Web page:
By now you’ve probably heard of Persado. It’s the software that writes your copy for you, and (it says) can do it better — claiming to outperform human-crafted messages 100% of the time.
For the (roughly) five thousand years that humans have been writing, we like to think we’ve gotten pretty good at it. So can a computer really do it better? Should copywriters be packing up their MacBooks and re-training as baristas?
The big question is: can it write? Persado’s ‘cognitive content’ platform deconstructs and analyses your copy before generating a new, optimised version, based on response data from 40+ billion ad impressions gathered across more than 4,000 marketing campaigns via Facebook, display ads, email and mobile. It highlights the emotional language you’ve used, intuits what you’re trying to achieve, and rifles through a few million possible semantic combinations before settling on the permutation that its data says will achieve the highest click-through rate.
So far, so Skynet.
Persado reports a 75 per cent rise in engagement across web, email, and social. This sounds hugely impressive, and all of their 80 global clients — including the likes of Microsoft, eBay, and American Express — have yet to refute it. The company was recently bolstered by £21 million worth of investments led by Goldman Sachs, bringing the running total from outside funding to over £46 million. For a company only 3 years old, Persado has quickly attained widespread credibility in a field many still write off as science fiction; in all likelihood, it’s here to stay.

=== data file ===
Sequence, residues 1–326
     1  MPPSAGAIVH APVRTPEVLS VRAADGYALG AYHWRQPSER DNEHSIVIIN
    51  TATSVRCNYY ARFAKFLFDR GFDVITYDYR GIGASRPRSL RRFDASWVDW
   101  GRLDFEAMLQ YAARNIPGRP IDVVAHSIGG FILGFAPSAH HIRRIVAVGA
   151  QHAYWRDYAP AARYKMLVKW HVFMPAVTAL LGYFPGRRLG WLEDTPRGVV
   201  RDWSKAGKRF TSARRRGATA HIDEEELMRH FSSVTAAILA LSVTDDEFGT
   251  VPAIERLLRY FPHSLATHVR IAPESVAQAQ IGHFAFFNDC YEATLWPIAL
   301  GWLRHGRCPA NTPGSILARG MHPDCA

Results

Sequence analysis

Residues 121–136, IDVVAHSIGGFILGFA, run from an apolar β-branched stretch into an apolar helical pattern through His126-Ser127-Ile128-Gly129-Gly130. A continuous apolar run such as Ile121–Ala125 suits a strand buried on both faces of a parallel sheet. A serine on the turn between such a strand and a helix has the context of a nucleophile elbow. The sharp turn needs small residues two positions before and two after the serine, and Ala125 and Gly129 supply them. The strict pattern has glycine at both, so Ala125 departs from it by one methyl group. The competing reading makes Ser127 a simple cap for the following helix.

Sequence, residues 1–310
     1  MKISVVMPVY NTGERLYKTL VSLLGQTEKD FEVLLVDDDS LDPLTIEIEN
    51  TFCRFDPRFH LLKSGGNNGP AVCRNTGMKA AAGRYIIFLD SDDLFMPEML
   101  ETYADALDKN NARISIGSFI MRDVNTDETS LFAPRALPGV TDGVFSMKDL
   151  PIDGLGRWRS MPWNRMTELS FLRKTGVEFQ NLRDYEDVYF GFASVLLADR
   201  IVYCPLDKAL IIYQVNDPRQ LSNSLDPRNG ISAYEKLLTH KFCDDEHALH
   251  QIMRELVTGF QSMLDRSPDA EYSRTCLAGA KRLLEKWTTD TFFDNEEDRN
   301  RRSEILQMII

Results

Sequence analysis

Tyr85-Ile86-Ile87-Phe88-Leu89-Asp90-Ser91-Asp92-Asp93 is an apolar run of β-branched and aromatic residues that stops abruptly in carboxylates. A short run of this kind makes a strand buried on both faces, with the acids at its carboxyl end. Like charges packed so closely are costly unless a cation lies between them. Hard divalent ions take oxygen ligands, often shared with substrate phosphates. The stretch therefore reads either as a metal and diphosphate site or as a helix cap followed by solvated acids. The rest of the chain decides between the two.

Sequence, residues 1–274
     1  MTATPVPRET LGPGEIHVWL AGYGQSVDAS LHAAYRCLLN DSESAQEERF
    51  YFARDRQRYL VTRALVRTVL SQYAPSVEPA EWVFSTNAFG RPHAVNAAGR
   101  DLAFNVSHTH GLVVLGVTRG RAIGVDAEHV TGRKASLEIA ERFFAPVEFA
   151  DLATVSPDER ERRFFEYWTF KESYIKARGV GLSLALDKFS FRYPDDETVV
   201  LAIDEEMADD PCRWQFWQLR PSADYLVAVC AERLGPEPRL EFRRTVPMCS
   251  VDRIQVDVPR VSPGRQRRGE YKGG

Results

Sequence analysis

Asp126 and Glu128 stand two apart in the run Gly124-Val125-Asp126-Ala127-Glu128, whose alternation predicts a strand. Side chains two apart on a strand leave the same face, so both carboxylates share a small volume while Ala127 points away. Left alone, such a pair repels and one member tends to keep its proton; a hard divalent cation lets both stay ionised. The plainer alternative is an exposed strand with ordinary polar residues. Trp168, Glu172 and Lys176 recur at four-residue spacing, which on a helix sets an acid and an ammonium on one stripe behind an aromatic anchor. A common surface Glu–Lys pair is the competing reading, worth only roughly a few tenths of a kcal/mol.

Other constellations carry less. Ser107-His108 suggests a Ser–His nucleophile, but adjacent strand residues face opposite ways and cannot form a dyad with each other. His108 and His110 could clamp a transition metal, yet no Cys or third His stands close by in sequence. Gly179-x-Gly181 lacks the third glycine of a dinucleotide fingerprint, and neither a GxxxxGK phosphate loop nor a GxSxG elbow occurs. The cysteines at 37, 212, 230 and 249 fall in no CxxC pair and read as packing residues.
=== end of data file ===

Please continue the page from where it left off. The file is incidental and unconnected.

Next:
But what’s really behind the numbers? Automation has already proved its worth in other areas of the industry, with programmatic buying and retargeting having gained firm footholds. Computers can even outthink us at strategy games. Only last month Google’s DeepMind program — AlphaGo — beat the world number two at Go (a game widely considered to be more complex than chess), in three consecutive matches. But with any automated system, things can go wrong — a system can’t account for context. It doesn’t know not to put an ad for flight sales beside a news story on a plane disaster, or an ad for funeral services under that of a care home. It can be intuitive, but it can’t be sensitive.
It promises a ‘consistent and continued lift in campaign performance’, but it can only fall short when it comes up against truly emotional, creative content that grabs attention and tells a story. Content production is often over-simplified to ‘storytelling’, but there’s an element of truth in that. Stories showcase human wit, beauty and innovation — and it’s this that we as consumers identify with. Can an automated system really replicate that?
Too good to be true? Probably.
Now that every company out there has to generate digital content to retain and grow their customer base, there’s a seemingly endless deluge of substandard content pouring onto the web. Does 75 per cent more engagement really mean better brand recognition, higher conversion, or is it just a marked improvement on a sea of already-weak content? Persado’s site is littered with too-good-to-be-true statistics, but until they define the parameters of ‘engagement’, these mean little.
There’s definitely a place in the industry for companies with quick, effective ways of creating marketing material, especially for the thousands of brands and businesses for whom content is an afterthought or a reluctant obligation. If what you aim for is ‘above average’, then Persado is for you. If you want crafted copy that rises to the top of the pile; that prompts engagement while building powerful, lasting relationships with clients and customers, then a copywriter is probably what you’re looking for.
By Curtis Batterbee - 4th March, 2017.